Benjamin Gilmour’s Afghanistan-set drama Jirga has won the $100,000 best film prize, Australia’s richest, at CinfestOZ, surprising the writer-director.
Jury chair Sigrid Thornton hailed the saga of a former Australian soldier who returns to Afghanistan seeking redemption from the family of a civilian he accidentally killed as a “singular and courageous film.”
Thornton, who was named the CinefestOZ 2018 Screen Legend, said Gilmour’s film gives a “visceral insight into an age-old culture [and] explores the nature and definition of forgiveness, leaving us with truly unforgettable cinematic moments.”
Producer John Maynard, whose Footprint Films will launch the drama on September 27 after Q&A screenings, said the prize will enable more people to see the film. Sam Smith plays the former soldier who, seeking forgiveness, puts his life in the hands of the village justice system – the Jirga.
Gilmour tells IF: “Winning this prize is such a surprise. All the money will go back into publicity to aid the national cinema release next month. The money is extremely helpful for an indie film like this and will really pay off the more people are moved by Jirga, by the uplifting possibilities of human reconciliation.
“Less than a month before release the buzz around Jirga is palpable. I think we are tapping into a moment in history when ordinary people around the world are banding together for peace. People are desperate for stories of cross-cultural harmony.”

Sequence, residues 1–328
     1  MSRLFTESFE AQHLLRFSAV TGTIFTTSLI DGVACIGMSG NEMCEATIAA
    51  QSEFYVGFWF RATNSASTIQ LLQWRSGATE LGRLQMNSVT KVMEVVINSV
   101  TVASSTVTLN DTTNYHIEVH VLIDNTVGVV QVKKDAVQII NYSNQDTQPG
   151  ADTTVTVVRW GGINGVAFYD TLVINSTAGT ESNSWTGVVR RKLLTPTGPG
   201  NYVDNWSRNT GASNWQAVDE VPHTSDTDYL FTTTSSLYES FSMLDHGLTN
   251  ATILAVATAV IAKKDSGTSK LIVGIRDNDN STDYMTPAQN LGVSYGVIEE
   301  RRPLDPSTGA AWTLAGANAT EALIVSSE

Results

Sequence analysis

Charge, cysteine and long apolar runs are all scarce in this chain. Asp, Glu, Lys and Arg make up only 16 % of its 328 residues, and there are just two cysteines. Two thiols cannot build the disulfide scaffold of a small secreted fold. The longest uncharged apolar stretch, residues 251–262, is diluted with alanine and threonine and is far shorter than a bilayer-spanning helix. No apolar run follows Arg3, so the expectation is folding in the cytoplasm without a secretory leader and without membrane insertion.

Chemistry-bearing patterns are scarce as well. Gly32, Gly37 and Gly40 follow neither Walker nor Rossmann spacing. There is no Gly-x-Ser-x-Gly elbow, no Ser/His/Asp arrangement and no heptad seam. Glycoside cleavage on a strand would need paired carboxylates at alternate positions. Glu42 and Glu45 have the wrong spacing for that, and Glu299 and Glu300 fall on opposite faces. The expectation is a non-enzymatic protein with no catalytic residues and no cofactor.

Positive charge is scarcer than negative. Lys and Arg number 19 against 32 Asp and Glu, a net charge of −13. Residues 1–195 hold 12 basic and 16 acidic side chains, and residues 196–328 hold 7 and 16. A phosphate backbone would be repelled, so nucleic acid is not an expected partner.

The Felix Media production co-funded by Screen Australia, which premiered in competition at the Sydney Film Festival after sold-out screenings at MIFF, will make its international debut in the Discovery section of the Toronto International Film Festival.
Stephen McCallum’s 1%, Bruce Beresford’s Ladies in Black and Mark Grentell’s The Merger also competed for the $100,000 prize, for which there were 34 submissions.
The other jury members were Animal Logic CEO and producer Zareh Nalbandian, Western Australian actress Tasma Walton, WA producer Tania Chambers and actor Michael Caton.
“In the spirit of all great film festivals, this was an extremely difficult decision to make. We salute all the filmmakers for their very fine work,” Thornton said.
CinefestOZ chair Helen Shervington said: “This has been an outstanding year for Australian film and we are delighted that CinefestOZ has once again delivered an incredibly diverse program of quality films to audiences, including these four deserving finalists.”
The award to Thornton recognizes her outstanding contribution to the Australian film industry. Previous recipients include Jacqueline McKenzie, Hugo Weaving, Jack Thompson, Bryan Brown, David Wenham, Gillian Armstrong and Scott Hicks.
The festival kicked off in Bunbury, Busselton and Margaret River with the WA premiere of Catherine Scott’s Backtrack Boys (which was was voted the top feature documentary at the Melbourne International Film Festival) and Ladies in Black.
It wrapped on Sunday after more than 150 screenings including 11 world premieres, 18 Australian premieres and 33 WA premieres